Jonathan White’s review published on Letterboxd:
“Then I fell in love, with the most wonderful boy in the world.
We would take long walks by the river or just sit for hours gazing into each other's eyes.
We were so very much in love.
Then one day, he went away. And I thought I'd die -- but I didn't.
And when I didn't I said to myself, "Is that all there is to love?"”
I knew my Before Sunset fantasy wouldn’t last. I also know to hold such a fantasy was unrealistic. It seems it was time for Mr. Linklater to get realistic.
The joy, no rapture, that Linklater’s first two installments brought me was because of love. At first, the sweet and tender beginning moments. Moments that will be forever seared in your memory. Next came the guarded moments; measured, but still full of love and longing. The precipice of commitment. In both films we were in Jesse and Celine’s world, and their world alone. Sure, they were in a world filled with people, but we could only see them.
My first problem with Before Midnight was now we were seeing Jesse and Celine objectively. They were in the world. This eliminated the intimacy. It didn’t help that the ‘writers retreat’ was filled with pompous dialogue and characters that immediately reminded me of Pauline at the Beach and Barbarian Invasion; two films that I loathe.
When Celine and Jesse then took their walk, their conversation didn’t sound anything like couple in their early forties. It was a weird mixture of throwback with current. I’ve already lived through my forties, as Linklater has, and Hawke and Delpy are now. I can’t believe any of them thought this authentic to the characters and this chapter of life.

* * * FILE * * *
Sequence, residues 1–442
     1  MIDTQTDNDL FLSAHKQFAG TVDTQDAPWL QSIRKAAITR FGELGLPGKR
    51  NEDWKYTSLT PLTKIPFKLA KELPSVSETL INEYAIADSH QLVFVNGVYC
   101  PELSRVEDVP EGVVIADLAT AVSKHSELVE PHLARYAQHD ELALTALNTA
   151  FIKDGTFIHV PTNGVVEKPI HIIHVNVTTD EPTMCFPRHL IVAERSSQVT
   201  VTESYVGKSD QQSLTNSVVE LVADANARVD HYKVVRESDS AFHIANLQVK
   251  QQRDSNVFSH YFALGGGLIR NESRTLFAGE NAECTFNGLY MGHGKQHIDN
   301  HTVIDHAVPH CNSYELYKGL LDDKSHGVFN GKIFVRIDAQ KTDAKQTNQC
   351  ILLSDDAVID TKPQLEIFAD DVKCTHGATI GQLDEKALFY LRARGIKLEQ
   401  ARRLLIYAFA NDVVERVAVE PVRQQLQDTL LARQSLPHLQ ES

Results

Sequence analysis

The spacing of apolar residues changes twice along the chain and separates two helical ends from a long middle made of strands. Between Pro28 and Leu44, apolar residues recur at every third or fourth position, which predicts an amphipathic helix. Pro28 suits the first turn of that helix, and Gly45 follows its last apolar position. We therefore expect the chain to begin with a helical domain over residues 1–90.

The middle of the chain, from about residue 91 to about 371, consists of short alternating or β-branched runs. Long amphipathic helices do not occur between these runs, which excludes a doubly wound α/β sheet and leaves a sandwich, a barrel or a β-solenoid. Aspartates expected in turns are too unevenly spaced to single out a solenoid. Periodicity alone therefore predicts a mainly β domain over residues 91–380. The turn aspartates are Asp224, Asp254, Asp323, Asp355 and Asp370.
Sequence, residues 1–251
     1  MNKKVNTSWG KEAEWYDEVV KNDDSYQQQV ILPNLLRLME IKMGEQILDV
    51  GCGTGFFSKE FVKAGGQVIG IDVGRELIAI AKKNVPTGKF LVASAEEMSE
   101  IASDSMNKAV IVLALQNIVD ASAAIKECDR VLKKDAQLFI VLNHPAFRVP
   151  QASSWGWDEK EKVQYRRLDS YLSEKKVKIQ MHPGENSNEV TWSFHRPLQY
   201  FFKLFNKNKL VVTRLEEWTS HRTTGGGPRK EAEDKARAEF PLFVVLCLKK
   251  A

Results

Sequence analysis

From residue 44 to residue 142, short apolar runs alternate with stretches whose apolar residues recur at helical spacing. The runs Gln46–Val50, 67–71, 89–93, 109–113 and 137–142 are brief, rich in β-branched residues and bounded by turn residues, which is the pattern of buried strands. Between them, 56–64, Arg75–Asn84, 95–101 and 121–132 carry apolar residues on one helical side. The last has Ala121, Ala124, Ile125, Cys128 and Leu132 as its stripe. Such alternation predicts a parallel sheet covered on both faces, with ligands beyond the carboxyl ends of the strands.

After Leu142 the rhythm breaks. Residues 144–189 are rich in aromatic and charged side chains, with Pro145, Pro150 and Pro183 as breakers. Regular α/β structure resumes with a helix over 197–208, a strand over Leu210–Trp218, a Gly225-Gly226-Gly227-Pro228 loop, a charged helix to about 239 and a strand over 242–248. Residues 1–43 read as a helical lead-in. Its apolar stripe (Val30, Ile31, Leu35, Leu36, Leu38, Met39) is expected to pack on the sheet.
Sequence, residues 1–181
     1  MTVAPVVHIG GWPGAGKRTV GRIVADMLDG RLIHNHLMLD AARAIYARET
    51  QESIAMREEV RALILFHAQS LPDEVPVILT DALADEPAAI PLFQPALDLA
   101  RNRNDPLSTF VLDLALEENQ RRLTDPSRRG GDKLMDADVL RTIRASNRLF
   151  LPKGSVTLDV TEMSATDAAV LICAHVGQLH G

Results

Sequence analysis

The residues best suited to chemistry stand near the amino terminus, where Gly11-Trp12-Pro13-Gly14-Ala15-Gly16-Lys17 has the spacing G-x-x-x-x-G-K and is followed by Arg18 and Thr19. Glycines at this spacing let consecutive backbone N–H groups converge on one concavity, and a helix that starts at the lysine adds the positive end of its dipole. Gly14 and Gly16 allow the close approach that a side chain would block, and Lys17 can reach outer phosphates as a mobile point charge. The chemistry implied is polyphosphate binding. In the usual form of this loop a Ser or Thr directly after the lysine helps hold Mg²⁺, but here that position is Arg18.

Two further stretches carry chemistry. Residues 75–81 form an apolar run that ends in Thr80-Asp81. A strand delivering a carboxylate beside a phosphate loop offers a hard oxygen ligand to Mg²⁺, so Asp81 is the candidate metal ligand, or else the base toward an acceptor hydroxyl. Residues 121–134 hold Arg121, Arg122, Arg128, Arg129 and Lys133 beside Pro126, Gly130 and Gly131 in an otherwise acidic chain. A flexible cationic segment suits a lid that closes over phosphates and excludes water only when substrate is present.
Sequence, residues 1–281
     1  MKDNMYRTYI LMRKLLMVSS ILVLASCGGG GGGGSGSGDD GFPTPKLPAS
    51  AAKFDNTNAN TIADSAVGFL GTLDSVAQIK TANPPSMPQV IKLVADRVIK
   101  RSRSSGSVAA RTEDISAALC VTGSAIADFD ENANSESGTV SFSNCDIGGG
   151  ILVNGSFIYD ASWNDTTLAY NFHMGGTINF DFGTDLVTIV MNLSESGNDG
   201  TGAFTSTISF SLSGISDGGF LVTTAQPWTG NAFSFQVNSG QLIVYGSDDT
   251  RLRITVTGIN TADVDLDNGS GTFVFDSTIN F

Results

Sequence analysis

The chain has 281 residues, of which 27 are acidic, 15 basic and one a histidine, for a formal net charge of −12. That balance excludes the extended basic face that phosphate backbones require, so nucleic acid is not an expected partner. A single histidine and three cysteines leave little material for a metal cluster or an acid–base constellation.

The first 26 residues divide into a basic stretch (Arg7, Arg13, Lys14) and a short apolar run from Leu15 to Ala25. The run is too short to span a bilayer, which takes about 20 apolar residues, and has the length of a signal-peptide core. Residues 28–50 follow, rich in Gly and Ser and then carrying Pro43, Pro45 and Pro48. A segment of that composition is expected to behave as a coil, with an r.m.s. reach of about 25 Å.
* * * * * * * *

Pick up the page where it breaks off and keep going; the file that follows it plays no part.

My most bitter disappointment, though, was the third act. Here is where I think Linklater completely betrayed the spirit and theme of his first two wonderful films. He takes the easy, melodramatic, way out. A bickering couple filled with nastiness. Something you’d see in a third rate TV drama. In Sunrise, Celine and Jesse spoke at each other .. they were nervous. I remember being that way too. In Sunset, they began to speak to each other. They’ve matured, they begin to listen. Here, there is nothing of that, no progression, not even a hint of what was there before. No hint of understanding each other. Not even attempts at it. I think Celine got the short end of the stick, as she’s just a crazy, unreasonable, demanding, high maintenance bitch. Jesse doesn’t come off much better as an unfaithful, lying, pretentious oaf. The two of these entitled brats embroiled in First World Problems. And how is their tragic mid-life crisis resolved? A promise of good sex.
” Is that all there is, is that all there is
If that's all there is my friends, then let's keep dancing
Let's break out the booze and have a ball
If that's all there is”